Here’s the thing about sunrises and sunsets, they are going to happen everyday whether you are their to capture them or not. But when you do capture them it’s what you do with them that make’s an impact. In order to make the best of your opportunity remember these first;

  • The sun does not have to be the subject of the photograph.
  • The effect of the sun on the landscape is often the picture.
  • Plan or anticipate the picture you want to make.
  • Give yourself the time and the tools to make it.

Now lets create the image

  • Try to get to your location about 45 minutes before the sun rises.
  • Bring a tripod! It’s possible to shoot this hand held but the tripod will aid in achieving a better end result
  • Pay attention to the clouds and their movement.
  • Find your horizon, you wanna try to take your shot before the sun peaks over the horizon. Once the
    sun has peaked it tends to get too intense, therefore aim for that in between moment.
  • Think about the sun and how it is illuminating the objects in front of you; rocks, boats, docks, bridges, skylines, ect.
  • Choose your f/stop, majority of the time you want everything in the foreground to be sharp
  • Shutter speed, if there’s something in moving you want a higher shutter speed so it won’t result in a blurred image
  • ISO, after determining the previous two items you can determine your ISO, which can always be pushed if needed

Better Vacation Photos

Trying to get those perfect vacation photos?! Here’s some helpful tips to get you started.

  1. Make sure your batteries are fresh and fully charged
  2. Always bring extra media cards so you wont be deleting images on the fly
  3. Research, Research, Research! Know the location you are going to so you know ahead of time where you wanna go explore and get the best images.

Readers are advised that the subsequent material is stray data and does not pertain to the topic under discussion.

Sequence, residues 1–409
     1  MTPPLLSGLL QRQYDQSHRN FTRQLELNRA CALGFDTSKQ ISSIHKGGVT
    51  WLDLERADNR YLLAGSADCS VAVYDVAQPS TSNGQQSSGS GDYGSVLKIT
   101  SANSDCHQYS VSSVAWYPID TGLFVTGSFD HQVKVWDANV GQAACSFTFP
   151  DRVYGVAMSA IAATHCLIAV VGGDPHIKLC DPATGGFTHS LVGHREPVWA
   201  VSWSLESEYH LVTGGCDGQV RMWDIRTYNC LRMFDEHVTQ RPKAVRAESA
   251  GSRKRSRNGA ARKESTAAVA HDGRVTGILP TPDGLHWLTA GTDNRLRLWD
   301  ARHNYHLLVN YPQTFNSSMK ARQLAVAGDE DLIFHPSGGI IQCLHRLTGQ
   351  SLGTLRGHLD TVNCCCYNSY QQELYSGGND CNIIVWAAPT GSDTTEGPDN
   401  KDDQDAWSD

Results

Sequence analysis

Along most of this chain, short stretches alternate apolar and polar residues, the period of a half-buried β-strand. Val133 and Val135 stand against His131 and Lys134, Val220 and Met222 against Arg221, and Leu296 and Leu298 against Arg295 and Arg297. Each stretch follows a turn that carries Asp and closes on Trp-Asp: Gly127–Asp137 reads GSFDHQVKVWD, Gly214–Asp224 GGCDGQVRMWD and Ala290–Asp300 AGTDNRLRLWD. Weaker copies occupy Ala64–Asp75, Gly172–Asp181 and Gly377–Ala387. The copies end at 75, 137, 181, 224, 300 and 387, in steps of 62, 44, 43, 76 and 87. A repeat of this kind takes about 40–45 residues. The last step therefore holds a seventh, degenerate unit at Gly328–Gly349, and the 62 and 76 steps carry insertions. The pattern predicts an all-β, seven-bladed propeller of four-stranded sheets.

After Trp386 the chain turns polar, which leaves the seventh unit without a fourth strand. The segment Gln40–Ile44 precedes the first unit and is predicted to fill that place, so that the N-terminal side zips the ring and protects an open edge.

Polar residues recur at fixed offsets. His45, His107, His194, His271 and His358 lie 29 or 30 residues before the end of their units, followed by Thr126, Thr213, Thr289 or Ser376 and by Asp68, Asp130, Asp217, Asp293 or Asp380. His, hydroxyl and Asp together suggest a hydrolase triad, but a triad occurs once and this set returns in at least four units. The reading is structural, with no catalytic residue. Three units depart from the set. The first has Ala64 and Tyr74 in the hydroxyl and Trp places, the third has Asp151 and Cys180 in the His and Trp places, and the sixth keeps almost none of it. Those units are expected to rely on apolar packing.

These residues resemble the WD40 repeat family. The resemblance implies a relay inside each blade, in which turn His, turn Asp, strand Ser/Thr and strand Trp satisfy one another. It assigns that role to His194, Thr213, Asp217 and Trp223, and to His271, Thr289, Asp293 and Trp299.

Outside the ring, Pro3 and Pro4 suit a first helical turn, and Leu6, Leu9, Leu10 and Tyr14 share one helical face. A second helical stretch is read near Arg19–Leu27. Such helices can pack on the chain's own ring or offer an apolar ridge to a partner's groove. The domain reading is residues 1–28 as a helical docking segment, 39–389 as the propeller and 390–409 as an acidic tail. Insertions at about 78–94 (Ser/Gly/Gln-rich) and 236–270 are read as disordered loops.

4. Mix things up with different angles and viewpoints
  5. Take candids when possible so you can capture everyone having fun and creating memories
  6. Stabilize your camera whenever possible, turn on VR (Vibration Reduction)
  7. Take a shot of nearby signage to recall where you have been
  8. Shoot your food! Get a great mouth-watering image by using Macro mode or zooming in tight
  9. Take a variety of photos; wide shots and also focusing on a single subject
  10. Pass the camera around. How will anyone know you were there if you stay behind the camera?!
  11. And remember rule of thirds! Try not to place your subject in the center of your image for better composition

Beach Katydid

Photographing Fireworks

fireworks_manual_1197

  1. Use a tripod.
  2. Use a cable release or wireless remote to trigger the shutter if you have one.
  3. Turn on Long Exposure Noise Reduction.
  4. Shoot the highest quality file you can. NEF is ideal.
  5. Set the camera to a low ISO, such as 200.
  6. A good starting point for aperture is f/11.
  7. Instead of choosing a shutter speed, set the camera to Bulb (B) which allows you to keep the shutter open as long as you want. Expose for the entire fireworks burst. You can even keep the shutter open for multiple bursts.